A Tour Guide of Canada’s Major Political Parties

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Here are the five parties that are likely to be represented in Canada’s next government:

Bloc Quebecois

The Bloc came into being in 1990, when its leader, Lucien Bouchard, a former ambassador to Paris, jumped ship from the Progressive Conservative Party.

“I believe that we need to rethink this country,” he said in his letter of resignation. “We must stop trying to fit Quebec into a mold of a province like the others. . . .”

The Bloc is the single-issue party par excellence. To the extent that it has a platform on social and economic issues at all, the planks are laid out on the premise that most of Quebec’s problems stem from its association with English-speaking Canada.


The Bloc’s current mass support does not necessarily mean all Quebeckers are eager for a break with Canada. Quebeckers know that no matter how well the Bloc does in next week’s election, several other high hurdles would have to be cleared before the province could secede.

Reform Party

This started off as a movement of disgruntled western Canadian conservatives, who had helped send the Progressive Conservatives to Ottawa in 1984 and then discovered that the Tories seemed more preoccupied with Quebec’s demands than with the West. Even today, the party is particularly strong in Alberta.

The party stands for conservative economics--something new in Canada, where for at least three generations the entire political argument has been conducted on a ground noticeably to the left of that in the United States.

Reform voters are especially concerned about the country’s generous but costly social welfare programs. Party leader Preston Manning, the son of a former Alberta premier, would eliminate the federal deficit in three years by restructuring many of them.

A large part of Manning’s appeal in English-speaking Canada stems from his unwillingness to dicker with Quebec over the nature of confederation. His position is, essentially, Canada: Take it or leave it.

Progressive Conservatives

The Tories have governed Canada since 1984, and for most of that time their leader was Prime Minister Brian Mulroney, who managed to make himself the most unpopular Canadian prime minister in modern times.


Mulroney resigned last spring amid horrific poll results and ceaseless editorial batterings. After a party leadership race, Defense Minister Kim Campbell became prime minister in June.

The Progressive Conservatives are a mainstream conservative party, something like the Republicans in the United States but without the far-right twist of the Reagan wing.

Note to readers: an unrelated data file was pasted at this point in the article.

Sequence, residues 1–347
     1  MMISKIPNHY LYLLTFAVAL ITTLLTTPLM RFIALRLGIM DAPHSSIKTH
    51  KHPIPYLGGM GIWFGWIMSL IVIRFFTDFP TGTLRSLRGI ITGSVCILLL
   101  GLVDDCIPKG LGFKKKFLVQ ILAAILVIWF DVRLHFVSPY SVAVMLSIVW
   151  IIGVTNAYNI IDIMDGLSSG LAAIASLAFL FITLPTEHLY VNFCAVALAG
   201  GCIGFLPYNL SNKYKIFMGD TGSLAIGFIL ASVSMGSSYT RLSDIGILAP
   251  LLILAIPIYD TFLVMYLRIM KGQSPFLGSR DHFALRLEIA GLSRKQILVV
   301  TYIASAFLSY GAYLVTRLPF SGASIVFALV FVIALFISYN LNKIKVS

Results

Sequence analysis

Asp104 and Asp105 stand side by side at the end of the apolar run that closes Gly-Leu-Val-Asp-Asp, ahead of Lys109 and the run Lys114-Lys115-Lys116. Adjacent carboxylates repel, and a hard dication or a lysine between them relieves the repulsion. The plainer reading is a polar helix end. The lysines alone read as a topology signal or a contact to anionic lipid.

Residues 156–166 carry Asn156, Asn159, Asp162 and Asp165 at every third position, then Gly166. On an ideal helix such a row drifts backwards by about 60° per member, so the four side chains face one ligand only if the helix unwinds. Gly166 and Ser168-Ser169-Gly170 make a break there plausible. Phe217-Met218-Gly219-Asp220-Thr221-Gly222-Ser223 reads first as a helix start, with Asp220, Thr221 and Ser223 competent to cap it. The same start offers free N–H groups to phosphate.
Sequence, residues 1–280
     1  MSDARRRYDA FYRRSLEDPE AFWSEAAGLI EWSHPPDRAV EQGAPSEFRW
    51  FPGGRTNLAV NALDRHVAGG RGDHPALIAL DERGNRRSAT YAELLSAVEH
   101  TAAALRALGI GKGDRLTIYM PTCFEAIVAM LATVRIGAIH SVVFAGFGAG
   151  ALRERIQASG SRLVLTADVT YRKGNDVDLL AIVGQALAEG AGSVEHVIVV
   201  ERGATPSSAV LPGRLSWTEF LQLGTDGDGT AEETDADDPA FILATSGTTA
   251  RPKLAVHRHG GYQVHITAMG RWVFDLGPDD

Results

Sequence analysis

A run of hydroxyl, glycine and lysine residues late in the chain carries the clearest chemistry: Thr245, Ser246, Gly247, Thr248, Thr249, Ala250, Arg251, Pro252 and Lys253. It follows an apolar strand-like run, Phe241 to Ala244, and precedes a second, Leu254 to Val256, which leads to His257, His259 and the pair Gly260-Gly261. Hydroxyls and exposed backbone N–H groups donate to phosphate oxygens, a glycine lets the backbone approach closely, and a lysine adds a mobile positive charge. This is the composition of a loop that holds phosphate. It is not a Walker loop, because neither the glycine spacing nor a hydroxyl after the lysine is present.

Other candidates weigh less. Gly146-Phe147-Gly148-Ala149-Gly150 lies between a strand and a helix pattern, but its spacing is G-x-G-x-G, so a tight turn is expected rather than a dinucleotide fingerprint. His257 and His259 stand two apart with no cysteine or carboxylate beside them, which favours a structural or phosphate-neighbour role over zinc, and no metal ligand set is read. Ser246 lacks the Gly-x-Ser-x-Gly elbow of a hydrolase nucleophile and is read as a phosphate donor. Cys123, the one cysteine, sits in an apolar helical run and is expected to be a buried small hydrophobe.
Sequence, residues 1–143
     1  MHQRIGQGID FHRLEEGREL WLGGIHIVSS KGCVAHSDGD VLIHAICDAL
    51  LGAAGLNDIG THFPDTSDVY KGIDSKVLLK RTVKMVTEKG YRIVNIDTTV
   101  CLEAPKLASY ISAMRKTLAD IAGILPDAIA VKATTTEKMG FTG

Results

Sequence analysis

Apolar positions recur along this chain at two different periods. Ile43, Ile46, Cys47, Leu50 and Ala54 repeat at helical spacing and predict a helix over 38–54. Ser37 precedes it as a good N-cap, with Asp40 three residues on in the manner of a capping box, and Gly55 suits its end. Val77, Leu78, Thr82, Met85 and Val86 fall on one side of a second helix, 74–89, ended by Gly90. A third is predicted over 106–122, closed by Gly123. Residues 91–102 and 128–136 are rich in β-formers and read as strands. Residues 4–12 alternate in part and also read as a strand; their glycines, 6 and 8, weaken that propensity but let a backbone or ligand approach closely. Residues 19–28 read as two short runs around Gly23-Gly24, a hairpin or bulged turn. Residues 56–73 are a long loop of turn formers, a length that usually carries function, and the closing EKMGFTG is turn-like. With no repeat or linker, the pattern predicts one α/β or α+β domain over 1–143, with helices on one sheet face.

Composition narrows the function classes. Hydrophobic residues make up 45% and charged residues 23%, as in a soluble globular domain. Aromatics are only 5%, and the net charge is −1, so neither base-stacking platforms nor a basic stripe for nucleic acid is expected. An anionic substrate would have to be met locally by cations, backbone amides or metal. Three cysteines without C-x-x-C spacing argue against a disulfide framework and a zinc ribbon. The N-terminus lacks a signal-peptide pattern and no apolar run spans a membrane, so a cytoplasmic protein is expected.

They support international free trade and negotiated first a bilateral pact with the United States and then the North American Free Trade Agreement. They have also taken strides to reduce the Canadian budget deficit, but have not yet attacked core social programs.

Campbell is generally well liked in Canada, but she has been unable to put sufficient distance between herself and her terminally unpopular predecessor. Worse yet, she has ended up fighting an impossible, three-fronted war, with the Reform Party siphoning off votes to the right, the Liberals stealing the center, and the Bloc Quebecois mesmerizing Quebec.

Liberal Party

If the Progressive Conservatives are Canada’s Republicans, the Liberals are this country’s Democrats. In this fall’s election, they are promising to cut the fat in the federal budget, but at the same time to kick-start the economy with an old-time Keynsian program of public spending on infrastructure.

The Liberals are plagued by the same image problems as the Tories--they are an established party in an era of rebellion against traditional parties. But they are benefiting from a fear on the Canadian left and in the center of a Reform Party sweep.


Many Canadians who might otherwise have voted social democratic now plan to support the Liberals, just to rein in Reform. The Liberals are likeliest to come in first in this election--but it is unclear whether they will have a majority.

Perhaps the biggest problem for the Liberals is its leader Jean Chretien, a native-born, French-speaking Quebecker who served in the federalist Cabinet of ex-Prime Minister Pierre Trudeau. That means Quebec French-speakers see him as an Uncle Tom.

New Democratic Party

The New Democrats evolved out of Depression-era socialist currents on the Canadian prairies, and have long been Canada’s third-largest party at the federal level. At a provincial level, they now govern in Ontario, British Columbia and Saskatchewan.

In this fall’s election, however, they risk being wiped off the political map.

They stand for a set of West European social democratic principles that are considered passe in an era of shrinking resources. The party also wants to rescind the North American Free Trade Agreement.

Left-leaning Canadians have repeatedly told pollsters that they like leader Audrey McLaughlin’s personal style and her sensitivity on economic issues. But they say they fear that they will be wasting their votes on the party.